Stillwater News Press

January 18, 2013

Increased use of technology in the classroom accelerates learning

By Mark Rountree
Stillwater NewsPress

STILLWATER, Okla. — Students lugging backpacks loaded with heavy textbooks soon may be a thing of the past.

Technology is revolutionizing education as more and more teachers are making use of digital online applications.

“Schools are beginning to move away from textbooks and more to a digital format,” said Dustin Hicks, a practical nursing instructor at Meridian Technology Center.

Hicks said the practical nursing faculty at Meridian has created videos demonstrating basic nursing skills. Those videos have been downloaded to iPads that are distributed to each student.

Students can check out an iPad, take it to the lab and watch a step-by-step video of the skill as they are doing it.

“If they are in a clinical setting at the hospital working with patients and it’s been a while since they did a skill, they have the video they can bring up, refresh on it real quick and go do it on the patient,” Hicks said.

The portability of the iPads is a benefit, Hicks said. Students are required to watch numerous instructional videos as part of their coursework.

“They can go to the coffee shop and watch these videos,” Hicks said. “It expands the classroom.”

Nursing student Cassie McLain said she lives in a rural area and cannot get online without a satellite dish. But she does have 3G service on the iPad and can access instructional videos.

“It’s been a tremendous help for me because otherwise, I’d have to travel somewhere to get Internet access,” McLain said.

Practical nursing instructor Charlotte Prewitt said some students are visual learners. She said one app has a feature that allows students to see a body system in three dimensions.

“You can’t look in a textbook and see the back side of the heart if the picture is of the front,” Prewitt said. “But with this app, I can turn and rotate the image.”

Digital English

The English department at Stillwater High School used curriculum funds last year to purchase eight iPads for each English classroom. The iPads arrived just before Christmas break.

“Instead of grammar books, we wanted these (iPads),” said Ashley Moore, who teaches Advanced Placement English 3. “Why would we want one big, heavy grammar book when we can get that book and a bunch of other grammar books and grammar resources online. We just get so much more for our money, and it’s easier for students. ... Having iPads in my classroom makes using technology faster, it’s more efficient.”

Moore said her class is studying presidential speeches. Students recently used the iPads to go online to a website specifically about presidential speeches.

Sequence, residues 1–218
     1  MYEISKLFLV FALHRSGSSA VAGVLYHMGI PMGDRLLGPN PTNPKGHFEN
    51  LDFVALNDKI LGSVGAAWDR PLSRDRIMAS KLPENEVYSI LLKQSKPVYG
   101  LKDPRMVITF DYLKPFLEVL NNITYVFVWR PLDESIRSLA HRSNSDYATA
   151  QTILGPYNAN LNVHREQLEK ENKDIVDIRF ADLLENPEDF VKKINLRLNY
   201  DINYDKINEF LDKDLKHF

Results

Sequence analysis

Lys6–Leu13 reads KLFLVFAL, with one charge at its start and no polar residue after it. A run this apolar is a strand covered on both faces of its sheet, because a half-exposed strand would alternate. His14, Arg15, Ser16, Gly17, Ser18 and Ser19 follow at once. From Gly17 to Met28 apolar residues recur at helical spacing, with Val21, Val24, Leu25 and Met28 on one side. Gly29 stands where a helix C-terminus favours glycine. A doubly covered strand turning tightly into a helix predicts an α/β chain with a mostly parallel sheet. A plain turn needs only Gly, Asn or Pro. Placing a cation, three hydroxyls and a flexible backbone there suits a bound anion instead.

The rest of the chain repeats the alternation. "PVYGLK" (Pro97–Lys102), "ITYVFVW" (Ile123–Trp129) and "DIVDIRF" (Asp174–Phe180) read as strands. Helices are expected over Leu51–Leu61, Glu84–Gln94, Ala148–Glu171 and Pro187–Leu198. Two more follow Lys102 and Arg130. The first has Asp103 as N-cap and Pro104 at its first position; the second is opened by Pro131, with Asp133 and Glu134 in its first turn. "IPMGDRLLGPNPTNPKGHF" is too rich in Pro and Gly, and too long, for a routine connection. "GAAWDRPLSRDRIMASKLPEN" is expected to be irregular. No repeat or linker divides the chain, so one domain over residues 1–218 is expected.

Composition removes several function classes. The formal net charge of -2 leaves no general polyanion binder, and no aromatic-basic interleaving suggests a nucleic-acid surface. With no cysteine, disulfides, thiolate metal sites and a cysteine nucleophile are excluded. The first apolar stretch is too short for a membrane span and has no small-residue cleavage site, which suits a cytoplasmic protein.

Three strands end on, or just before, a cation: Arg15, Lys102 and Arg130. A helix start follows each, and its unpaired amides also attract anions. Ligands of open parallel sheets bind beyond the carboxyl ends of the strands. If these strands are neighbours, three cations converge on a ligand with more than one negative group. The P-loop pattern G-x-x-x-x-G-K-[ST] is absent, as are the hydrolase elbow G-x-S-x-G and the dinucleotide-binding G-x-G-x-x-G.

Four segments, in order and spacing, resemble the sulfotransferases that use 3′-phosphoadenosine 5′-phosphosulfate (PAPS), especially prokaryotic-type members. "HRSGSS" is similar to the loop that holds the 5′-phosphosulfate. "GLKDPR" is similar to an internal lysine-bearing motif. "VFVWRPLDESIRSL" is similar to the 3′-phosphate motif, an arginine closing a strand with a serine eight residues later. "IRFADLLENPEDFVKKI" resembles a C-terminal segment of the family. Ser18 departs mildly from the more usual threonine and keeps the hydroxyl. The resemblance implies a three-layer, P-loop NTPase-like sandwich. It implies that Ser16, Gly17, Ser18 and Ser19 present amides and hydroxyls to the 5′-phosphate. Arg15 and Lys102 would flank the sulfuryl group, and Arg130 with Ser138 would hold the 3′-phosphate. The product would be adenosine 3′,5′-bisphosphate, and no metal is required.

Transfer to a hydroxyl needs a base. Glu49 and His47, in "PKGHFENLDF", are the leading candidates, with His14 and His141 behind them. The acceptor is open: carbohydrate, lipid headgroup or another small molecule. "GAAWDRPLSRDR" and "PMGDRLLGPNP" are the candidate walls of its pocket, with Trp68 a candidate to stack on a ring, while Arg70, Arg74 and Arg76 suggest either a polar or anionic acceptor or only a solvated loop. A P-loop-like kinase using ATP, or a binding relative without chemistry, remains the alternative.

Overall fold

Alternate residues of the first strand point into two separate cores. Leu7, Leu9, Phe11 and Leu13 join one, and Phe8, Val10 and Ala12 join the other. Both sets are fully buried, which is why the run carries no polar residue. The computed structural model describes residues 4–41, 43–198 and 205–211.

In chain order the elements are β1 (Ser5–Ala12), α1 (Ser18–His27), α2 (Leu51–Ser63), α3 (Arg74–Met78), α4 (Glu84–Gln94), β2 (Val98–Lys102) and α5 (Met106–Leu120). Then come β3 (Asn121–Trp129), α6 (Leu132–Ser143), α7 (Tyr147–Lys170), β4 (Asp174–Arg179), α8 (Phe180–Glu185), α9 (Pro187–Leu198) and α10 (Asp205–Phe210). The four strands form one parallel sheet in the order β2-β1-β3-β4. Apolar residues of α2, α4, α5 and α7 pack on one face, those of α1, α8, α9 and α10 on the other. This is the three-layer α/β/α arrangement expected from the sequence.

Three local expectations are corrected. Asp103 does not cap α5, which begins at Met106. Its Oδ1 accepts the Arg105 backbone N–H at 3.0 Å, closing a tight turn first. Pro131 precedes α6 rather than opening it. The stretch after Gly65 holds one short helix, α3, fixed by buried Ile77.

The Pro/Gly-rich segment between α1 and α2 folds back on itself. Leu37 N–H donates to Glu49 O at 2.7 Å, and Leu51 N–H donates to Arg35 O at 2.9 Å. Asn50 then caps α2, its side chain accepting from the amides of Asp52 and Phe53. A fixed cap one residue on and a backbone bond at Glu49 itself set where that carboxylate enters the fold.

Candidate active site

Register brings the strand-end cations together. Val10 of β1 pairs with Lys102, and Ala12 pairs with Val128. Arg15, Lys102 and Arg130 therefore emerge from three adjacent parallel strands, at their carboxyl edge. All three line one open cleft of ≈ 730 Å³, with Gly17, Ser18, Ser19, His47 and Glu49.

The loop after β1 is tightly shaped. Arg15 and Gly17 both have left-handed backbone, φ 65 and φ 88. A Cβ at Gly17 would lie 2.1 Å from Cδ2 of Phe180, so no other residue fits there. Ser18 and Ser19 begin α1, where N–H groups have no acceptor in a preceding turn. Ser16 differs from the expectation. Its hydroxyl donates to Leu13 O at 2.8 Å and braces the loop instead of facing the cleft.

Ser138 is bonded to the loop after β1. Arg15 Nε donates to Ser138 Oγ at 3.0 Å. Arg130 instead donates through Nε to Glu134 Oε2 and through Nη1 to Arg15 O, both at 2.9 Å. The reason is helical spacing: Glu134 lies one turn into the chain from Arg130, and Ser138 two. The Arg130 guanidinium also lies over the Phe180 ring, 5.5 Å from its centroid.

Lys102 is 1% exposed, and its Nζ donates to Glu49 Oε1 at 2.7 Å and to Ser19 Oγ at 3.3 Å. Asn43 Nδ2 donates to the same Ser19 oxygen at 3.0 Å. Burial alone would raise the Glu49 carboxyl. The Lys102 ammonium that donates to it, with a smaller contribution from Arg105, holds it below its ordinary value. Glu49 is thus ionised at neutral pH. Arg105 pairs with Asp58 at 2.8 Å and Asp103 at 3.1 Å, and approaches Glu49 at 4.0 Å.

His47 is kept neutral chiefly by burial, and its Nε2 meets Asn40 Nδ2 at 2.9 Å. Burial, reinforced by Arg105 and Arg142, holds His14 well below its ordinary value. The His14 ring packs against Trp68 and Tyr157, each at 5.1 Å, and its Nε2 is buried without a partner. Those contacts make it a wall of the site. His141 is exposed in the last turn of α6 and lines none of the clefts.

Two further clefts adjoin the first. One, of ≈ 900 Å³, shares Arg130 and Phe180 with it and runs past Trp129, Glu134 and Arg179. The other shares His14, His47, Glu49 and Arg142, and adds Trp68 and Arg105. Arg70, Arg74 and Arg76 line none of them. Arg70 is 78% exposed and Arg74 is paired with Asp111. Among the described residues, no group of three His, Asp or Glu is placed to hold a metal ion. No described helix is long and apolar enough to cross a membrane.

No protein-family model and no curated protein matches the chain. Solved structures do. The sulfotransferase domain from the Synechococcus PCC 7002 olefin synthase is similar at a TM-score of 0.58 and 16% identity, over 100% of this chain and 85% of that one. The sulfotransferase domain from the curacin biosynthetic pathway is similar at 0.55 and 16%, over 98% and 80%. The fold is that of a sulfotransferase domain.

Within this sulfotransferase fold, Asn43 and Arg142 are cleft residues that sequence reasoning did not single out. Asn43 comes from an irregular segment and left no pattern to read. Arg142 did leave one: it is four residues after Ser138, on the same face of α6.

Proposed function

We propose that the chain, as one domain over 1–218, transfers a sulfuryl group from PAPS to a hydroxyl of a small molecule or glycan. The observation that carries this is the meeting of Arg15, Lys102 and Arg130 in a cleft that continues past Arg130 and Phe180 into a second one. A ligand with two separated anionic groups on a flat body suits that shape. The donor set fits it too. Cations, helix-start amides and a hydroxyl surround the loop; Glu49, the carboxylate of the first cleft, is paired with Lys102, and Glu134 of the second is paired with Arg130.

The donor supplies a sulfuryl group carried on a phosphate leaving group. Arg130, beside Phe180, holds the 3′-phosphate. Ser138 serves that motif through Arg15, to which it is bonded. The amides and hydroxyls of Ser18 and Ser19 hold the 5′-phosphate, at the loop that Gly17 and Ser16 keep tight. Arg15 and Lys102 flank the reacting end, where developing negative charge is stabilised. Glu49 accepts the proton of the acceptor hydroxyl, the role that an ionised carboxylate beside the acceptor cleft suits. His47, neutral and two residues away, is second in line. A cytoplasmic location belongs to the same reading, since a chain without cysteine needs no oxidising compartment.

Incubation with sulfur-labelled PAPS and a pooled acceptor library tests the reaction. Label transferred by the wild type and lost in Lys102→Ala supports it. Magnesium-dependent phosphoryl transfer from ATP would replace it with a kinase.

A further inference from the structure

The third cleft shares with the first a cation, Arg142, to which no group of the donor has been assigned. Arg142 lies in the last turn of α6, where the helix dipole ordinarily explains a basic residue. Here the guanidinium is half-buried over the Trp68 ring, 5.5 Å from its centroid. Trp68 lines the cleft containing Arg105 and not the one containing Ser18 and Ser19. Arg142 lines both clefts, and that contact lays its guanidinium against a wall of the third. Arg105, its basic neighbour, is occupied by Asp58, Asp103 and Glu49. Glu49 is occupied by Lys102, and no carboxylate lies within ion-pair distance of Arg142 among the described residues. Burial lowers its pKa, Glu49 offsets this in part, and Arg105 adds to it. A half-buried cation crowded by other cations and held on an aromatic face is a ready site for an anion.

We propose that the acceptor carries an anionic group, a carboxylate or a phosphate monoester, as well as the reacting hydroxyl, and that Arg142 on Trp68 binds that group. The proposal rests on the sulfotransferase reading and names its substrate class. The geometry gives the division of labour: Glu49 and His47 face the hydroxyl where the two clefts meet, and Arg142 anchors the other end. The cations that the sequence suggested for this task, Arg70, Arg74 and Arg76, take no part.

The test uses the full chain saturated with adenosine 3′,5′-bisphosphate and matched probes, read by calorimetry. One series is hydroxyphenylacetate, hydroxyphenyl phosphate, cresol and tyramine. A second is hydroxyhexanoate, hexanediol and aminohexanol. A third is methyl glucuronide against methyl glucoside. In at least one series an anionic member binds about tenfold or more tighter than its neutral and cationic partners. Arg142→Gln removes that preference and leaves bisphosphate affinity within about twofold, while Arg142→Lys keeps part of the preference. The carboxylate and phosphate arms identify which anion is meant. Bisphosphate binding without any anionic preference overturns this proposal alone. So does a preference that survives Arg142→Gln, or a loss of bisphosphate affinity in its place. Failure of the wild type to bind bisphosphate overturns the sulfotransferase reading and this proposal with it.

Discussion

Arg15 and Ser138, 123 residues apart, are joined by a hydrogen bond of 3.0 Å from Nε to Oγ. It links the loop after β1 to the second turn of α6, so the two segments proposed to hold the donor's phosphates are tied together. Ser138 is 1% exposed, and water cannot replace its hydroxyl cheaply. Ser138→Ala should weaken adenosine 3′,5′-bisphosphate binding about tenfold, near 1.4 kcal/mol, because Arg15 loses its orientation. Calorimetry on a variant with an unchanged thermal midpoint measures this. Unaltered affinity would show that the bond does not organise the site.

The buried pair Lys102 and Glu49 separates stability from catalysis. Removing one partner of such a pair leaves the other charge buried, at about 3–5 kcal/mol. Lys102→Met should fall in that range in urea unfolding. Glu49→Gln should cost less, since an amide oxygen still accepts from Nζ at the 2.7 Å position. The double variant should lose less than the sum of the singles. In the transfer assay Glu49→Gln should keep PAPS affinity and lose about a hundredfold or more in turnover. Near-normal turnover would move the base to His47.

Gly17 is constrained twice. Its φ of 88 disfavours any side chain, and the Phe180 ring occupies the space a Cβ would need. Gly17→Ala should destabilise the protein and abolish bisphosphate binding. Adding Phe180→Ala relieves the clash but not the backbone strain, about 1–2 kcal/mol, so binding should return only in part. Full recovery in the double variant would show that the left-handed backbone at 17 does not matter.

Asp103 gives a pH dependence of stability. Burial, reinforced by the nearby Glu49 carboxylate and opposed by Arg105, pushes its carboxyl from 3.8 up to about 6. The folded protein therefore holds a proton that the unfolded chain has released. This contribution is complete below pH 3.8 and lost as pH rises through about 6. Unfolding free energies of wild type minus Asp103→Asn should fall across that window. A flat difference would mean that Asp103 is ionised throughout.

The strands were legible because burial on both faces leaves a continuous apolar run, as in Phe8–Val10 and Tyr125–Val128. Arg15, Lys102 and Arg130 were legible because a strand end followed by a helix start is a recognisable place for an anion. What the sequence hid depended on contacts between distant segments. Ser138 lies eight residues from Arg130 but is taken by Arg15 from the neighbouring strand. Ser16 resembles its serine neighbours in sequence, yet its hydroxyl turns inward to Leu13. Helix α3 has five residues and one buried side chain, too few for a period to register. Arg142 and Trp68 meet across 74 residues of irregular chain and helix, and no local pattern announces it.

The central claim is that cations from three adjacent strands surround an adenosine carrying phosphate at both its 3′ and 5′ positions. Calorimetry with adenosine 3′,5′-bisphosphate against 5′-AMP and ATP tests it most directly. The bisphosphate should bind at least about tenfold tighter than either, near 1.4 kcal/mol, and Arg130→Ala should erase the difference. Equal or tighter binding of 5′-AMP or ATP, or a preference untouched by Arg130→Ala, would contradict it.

“We don’t need grammar books anymore,” said Moore. “They are thick and heavy, and where can you find (specific information) fast in those big books? They can go to a specific app to learn about parallel structure. It’s so much less intimidating than a huge, thick grammar book.”

The iPads have restrictions. Students are not able to access unauthorized sites like You Tube or Facebook.

Moore said on the rare occasion that students find themselves with down time, they can pick up an iPad and do prep work for the ACT.

“They are just so handy,” said Moore. “We don’t have to use the dictionary anymore. We don’t need a thesaurus. We have that right here (on the iPad). We have access to the Internet. We have access to great apps that cover literary analysis, all kinds of grammar apps.”

Moore said the video function on the iPads is deactivated, but can be turned on when students are giving classroom speeches.

“It’s a great reflective tool,” said Moore. “They can go back and watch the speeches they have given and see how they did and reflect on that.”

The digital age

People born before 1985 are regarded as digital immigrants. They were born and raised in an age of typewriters and dusty chalkboards and have immigrated to the digital world.

People born after 1985 are regarded as digital natives. They know of no other way of life than smartphones and interactive SMART Boards.

“This (technology) isn’t really anything hard to understand for me,” said first-year nursing student and digital native Rachel Corbin. “I have all this stuff on my phone.”

Nursing student Mandy Stallings, a digital immigrant, said she just learned to send a text message within the last year.

“At first I was trying to fight it,” said Stallings. “I was just going to take my drug book along with me, but that’s 1,800 pages, which is a lot to go through to find something. On my phone, I can get that (information) in five seconds. It makes me more effective in what I do and makes me more efficient and be able to work with more people and manage my time better.”

Hicks said the use of technology in the classroom is all about increased access to information.

“We don’t have the big library like you do on the OSU campus,” he said, “but we have everything we will ever need right here on this one little device. It’s about content delivery, how easy and how fast I can get the information that I need.

“And in health care, that’s very important. ... It’s all about speed and efficiency.”

Media relations coordinator Cara Adney said the vast majority of students at Meridian are in high school and grew up with technology.

“They don’t know what it’s like to even have a VCR,” she said.

“So if our classrooms are not embracing that technology and using it, then we are not engaging the students in a manner they are accustomed to.”